Gantt claimed during the Q&A following the show that he conceives of his pieces as being “compositional objects,” completely independent of any personal or autobiographical themes. He conceived of himself as a worker and the compositions his products, and this idea of impersonal production is an interesting lens through which to view his performance.

Natasha Jozi in full costume, circling centerpiece.

Natasha Jozi in full costume, circling centerpiece.

Unlike Gantt’s performances, most of the other performances were informed by the performers’ explorations of identity. Natasha Jozi’s performance featured the performer covered from head to foot in white cloth, circling a display of several wine half-filled wine glasses, as she spoke several phrases in Urdu that were simultaneously translated into English by a fellow performer. Jozi eventual broke the pattern of circular movement as she moved into the centerpiece and began covering her costume with wine, staining it red.

Jozi pulls wine-stained cloth from under wine glasses.

Jozi pulls wine-stained cloth from under wine glasses.

Jozi, who grew up in Pakistan, claimed the piece was based upon her own autobiography, spirituality, and as she does not drink and is uncomfortable with alcohol, the act of immersing herself in discomfort. Her performance reflected the repetition of ritual, exploring themes of language, wine as symbol of something sacred and also something that “stains.”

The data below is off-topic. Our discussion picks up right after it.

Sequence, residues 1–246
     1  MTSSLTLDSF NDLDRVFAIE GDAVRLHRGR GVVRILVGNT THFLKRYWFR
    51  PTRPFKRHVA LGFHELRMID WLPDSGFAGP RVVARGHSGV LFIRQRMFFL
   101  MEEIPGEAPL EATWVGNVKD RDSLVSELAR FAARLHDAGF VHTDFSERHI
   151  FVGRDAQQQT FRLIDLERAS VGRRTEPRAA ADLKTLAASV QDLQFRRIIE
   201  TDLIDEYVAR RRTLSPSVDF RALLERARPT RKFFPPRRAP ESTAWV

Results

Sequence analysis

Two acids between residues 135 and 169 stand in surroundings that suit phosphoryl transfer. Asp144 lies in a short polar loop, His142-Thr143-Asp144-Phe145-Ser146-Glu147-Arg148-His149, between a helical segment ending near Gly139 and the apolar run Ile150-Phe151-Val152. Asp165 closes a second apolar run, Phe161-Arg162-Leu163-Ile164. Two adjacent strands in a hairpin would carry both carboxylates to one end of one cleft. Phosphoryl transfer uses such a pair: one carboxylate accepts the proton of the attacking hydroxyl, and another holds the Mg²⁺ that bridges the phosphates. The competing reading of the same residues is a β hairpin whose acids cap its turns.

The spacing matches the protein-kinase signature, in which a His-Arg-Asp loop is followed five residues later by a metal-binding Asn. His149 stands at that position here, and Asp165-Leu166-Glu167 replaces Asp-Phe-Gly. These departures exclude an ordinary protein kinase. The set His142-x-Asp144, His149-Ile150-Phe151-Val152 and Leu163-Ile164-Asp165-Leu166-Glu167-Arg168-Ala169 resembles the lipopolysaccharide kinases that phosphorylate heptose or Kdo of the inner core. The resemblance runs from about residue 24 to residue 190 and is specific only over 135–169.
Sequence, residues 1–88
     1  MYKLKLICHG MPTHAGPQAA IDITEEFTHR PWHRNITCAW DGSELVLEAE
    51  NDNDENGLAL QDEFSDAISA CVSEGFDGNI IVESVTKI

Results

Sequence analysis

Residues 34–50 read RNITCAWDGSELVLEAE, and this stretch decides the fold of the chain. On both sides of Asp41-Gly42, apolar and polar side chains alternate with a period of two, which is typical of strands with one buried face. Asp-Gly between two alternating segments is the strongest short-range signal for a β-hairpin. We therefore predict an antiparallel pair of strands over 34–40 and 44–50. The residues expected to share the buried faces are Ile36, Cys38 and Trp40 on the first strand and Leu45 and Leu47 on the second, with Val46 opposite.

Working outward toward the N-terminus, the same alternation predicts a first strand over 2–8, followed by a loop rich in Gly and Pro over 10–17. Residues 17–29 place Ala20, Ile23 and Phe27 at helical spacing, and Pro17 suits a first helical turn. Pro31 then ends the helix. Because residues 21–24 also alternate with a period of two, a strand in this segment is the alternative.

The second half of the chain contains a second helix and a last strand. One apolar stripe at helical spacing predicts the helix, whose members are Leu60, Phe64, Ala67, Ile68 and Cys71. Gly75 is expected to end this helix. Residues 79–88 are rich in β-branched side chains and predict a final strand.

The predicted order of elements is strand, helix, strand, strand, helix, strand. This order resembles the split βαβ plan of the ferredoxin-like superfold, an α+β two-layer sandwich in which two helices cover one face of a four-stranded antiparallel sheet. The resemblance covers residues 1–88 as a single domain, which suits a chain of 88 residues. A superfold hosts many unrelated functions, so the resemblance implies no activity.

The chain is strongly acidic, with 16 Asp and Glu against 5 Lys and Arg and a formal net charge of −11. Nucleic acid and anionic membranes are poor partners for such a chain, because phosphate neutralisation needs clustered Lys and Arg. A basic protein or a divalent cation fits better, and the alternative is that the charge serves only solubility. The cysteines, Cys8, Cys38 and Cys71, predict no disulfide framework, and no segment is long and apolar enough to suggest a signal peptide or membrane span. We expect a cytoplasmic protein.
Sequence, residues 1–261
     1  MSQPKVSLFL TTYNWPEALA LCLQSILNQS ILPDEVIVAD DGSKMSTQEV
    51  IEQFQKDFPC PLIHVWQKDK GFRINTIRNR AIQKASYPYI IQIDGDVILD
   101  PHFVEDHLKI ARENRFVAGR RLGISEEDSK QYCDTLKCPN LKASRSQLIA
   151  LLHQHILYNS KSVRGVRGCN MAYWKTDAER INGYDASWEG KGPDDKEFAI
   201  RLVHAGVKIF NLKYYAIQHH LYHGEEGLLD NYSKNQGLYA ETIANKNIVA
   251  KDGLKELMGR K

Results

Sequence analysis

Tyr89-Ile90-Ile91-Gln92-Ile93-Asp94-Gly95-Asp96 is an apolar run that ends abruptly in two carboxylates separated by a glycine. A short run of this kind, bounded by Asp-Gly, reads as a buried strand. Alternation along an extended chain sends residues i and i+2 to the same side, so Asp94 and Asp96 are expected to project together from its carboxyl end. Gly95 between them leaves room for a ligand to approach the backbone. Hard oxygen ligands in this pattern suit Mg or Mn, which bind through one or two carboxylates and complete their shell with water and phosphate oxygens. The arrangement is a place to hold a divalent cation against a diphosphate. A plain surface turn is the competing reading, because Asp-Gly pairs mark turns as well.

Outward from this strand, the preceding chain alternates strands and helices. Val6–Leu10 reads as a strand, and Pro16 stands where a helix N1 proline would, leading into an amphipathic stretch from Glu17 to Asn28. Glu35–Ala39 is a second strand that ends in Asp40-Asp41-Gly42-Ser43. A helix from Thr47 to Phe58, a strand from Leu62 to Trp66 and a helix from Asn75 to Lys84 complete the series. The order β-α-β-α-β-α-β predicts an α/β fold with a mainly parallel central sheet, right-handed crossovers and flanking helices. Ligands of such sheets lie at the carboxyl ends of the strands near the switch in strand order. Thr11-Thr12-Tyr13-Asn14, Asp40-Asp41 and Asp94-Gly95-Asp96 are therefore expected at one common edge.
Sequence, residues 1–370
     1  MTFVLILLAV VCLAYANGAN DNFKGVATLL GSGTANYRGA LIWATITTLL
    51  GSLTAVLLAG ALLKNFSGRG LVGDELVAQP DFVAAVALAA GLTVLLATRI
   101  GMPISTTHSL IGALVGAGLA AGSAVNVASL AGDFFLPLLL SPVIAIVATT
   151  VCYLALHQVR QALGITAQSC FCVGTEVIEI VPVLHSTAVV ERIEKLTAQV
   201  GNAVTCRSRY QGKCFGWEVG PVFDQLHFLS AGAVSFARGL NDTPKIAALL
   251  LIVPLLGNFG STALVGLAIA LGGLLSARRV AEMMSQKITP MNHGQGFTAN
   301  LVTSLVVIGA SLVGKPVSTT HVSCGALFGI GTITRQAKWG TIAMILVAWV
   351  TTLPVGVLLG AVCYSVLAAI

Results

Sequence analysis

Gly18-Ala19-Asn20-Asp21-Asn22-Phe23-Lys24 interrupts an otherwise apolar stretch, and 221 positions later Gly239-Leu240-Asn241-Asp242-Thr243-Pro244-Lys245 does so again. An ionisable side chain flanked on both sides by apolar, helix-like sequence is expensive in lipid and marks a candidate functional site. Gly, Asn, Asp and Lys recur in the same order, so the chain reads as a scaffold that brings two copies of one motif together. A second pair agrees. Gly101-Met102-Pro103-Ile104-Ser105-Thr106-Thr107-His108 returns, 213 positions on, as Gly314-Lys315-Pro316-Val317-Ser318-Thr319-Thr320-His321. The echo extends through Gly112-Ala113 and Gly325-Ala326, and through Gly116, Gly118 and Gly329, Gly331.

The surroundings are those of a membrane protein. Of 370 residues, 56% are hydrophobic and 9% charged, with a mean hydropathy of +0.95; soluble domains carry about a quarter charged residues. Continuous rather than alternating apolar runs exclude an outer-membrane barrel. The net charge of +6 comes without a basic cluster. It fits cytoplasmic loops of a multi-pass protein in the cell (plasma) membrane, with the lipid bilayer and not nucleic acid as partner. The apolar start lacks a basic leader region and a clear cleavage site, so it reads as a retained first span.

Ayana Evans confront man taking a picture of her in Chelsea.

Ayana Evans confront man taking a picture of her in Chelsea.

Ayana Evans presented a montage of clips from her “Operation Cat Suit” video art series, in which she dresses up in the eponymous neon colored, tiger striped one piece suit, travels to different art districts in the city, and confronts people trying to take pictures of her, in order to gauge these people’s reasons for doing so. According to the artist, the video series is a social experiment on the act of “heightening oneself,” of amplifying one’s personality and appearance, and an exploration into the kind of attention and voyeurism garnered by this act.

Ian Deleón drawing on bag of Domino Sugar.

Ian Deleón drawing on bag of Domino Sugar.